MUSKOGEE, Okla. — Raindrops didn't keep teens from painting and scraping Muskogee houses Monday morning.
Sophomore Bella Magallon of Muskogee First Assembly of God recalled getting even wetter while working over the weekend.
"We got rained on Saturday, too," Bella said, sheltered by an eave she was painting. "We were just finishing up and it started pouring. But we didn't stop because it cooled us down."
Scores of teens from at least six churches are doing minor upgrades to Muskogee homes during the five-day Mission Muskogee, which runs through Tuesday. Churches include Muskogee First Assembly, First Baptist, Boulevard Christian, Muskogee Church of Christ, the Brick and New Community.
Shelly Stout, an adult volunteer, said 250 people, including teens and adult sponsors are working this week, a little more than last year.
She said the youth spend five nights together at Connors State College housing. They eat breakfast and lunch together at the Dr. Martin Luther King Jr. Community Center.
At night, they worship together at CSC. There is a praise band made up of members of different churches.
Stout said they worked mornings and afternoons until 5 p.m.
"It's just great watching the kids go to work," Stout said. "They don't complain, they work hard and they just smile."
Anna Leavell, a sophomore attending Muskogee First Assembly, didn't seem to mind working behind and under a bush as she scraped paint under a front window. But it did get kind of tiresome.
"It's kind of hard to bend and crouch," Anna said. "You have to stand up now and then."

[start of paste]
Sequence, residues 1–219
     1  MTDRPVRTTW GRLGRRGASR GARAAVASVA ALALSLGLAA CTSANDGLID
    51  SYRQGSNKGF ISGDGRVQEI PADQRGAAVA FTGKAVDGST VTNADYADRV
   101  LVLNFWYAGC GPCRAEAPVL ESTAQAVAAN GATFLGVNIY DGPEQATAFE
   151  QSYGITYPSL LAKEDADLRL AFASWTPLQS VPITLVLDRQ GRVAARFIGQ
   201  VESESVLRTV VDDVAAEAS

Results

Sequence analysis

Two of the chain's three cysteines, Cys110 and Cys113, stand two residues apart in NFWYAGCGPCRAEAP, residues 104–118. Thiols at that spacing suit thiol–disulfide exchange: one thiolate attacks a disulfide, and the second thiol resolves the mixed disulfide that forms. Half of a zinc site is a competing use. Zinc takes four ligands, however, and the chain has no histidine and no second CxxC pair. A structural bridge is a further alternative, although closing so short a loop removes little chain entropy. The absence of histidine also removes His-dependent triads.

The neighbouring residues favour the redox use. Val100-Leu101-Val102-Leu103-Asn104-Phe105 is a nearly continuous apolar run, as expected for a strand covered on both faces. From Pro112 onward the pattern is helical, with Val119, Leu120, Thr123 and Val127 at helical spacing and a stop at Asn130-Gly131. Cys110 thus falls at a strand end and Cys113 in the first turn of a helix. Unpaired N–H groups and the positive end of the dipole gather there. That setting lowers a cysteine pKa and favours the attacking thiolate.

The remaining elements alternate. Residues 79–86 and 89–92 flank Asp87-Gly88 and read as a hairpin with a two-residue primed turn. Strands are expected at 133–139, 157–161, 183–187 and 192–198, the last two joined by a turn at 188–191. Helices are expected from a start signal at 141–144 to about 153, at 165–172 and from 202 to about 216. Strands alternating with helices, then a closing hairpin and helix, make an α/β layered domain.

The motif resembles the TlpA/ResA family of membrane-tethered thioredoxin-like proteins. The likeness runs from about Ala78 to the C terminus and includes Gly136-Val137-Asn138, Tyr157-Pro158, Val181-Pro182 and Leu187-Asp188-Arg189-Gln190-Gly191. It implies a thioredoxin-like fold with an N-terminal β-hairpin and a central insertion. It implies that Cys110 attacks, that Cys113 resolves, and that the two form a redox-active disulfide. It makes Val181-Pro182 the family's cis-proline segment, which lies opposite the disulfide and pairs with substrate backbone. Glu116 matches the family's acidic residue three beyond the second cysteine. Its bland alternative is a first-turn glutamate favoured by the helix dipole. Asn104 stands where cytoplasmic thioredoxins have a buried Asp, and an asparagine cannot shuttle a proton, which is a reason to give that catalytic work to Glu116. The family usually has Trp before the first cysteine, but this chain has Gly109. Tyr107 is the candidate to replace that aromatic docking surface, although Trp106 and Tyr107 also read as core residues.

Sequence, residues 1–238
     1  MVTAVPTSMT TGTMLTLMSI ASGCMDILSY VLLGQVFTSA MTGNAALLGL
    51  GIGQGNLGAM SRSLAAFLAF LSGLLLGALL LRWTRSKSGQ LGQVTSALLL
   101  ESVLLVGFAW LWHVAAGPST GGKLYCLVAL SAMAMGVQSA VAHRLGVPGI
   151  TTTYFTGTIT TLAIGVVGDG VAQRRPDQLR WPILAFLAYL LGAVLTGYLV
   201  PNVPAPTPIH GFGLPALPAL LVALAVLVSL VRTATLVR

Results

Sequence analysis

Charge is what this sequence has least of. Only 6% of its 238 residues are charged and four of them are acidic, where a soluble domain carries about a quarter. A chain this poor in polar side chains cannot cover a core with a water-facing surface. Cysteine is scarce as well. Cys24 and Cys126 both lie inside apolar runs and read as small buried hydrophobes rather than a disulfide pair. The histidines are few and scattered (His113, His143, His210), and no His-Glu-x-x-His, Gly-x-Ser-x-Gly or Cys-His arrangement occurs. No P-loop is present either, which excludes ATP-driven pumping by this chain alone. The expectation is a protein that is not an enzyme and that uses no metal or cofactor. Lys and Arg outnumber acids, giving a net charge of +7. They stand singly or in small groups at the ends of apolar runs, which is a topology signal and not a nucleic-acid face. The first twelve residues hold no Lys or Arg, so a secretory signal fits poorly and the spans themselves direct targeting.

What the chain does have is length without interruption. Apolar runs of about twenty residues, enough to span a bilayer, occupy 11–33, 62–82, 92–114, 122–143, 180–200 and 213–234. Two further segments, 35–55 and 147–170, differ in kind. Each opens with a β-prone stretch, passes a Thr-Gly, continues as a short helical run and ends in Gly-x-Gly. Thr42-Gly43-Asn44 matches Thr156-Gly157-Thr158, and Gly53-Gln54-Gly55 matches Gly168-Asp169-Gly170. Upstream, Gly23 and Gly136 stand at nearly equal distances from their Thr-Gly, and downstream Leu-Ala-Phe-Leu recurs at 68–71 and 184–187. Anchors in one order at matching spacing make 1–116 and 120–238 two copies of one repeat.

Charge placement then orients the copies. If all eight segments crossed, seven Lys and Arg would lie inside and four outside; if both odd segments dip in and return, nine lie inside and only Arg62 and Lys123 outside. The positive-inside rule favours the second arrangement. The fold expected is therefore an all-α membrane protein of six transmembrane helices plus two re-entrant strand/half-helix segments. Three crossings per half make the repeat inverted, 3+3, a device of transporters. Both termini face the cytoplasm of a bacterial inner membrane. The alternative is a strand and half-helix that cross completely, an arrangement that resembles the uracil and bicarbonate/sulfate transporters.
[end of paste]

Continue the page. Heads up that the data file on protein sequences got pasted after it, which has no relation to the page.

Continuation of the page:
Those who lived in the homes enjoyed watching the First Assembly teens work.
"They're having fun, that's all that matters," said Mike Neal, a disabled veteran who rents a house with another veteran.
Neal said he can barely walk and will undergo heart surgery later this month. As a result, he cannot do the work the teens did.
"I think this is great," he said. "I'm going to contribute to their church."
First Baptist Church youth painted the porch, exterior, even some rusted lawn furniture at Ruth Ann Derrick's home.
"I like everything about it," Derrick said. "I couldn't do it, and I don't have the money to pay anybody."
She said Mission Muskogee organizers knocked on her door earlier this year and offered to paint her house this summer.
Stout said organizers drove through neighborhoods earlier this year to see what homes needed work. She said organizers prayed about who to visit. Residents also applied for help by emailing Mission Muskogee.
On Wednesday, the teens will rest at a water park.
Spaulding writes for Muskogee Phoenix, a CNHI News Service publication.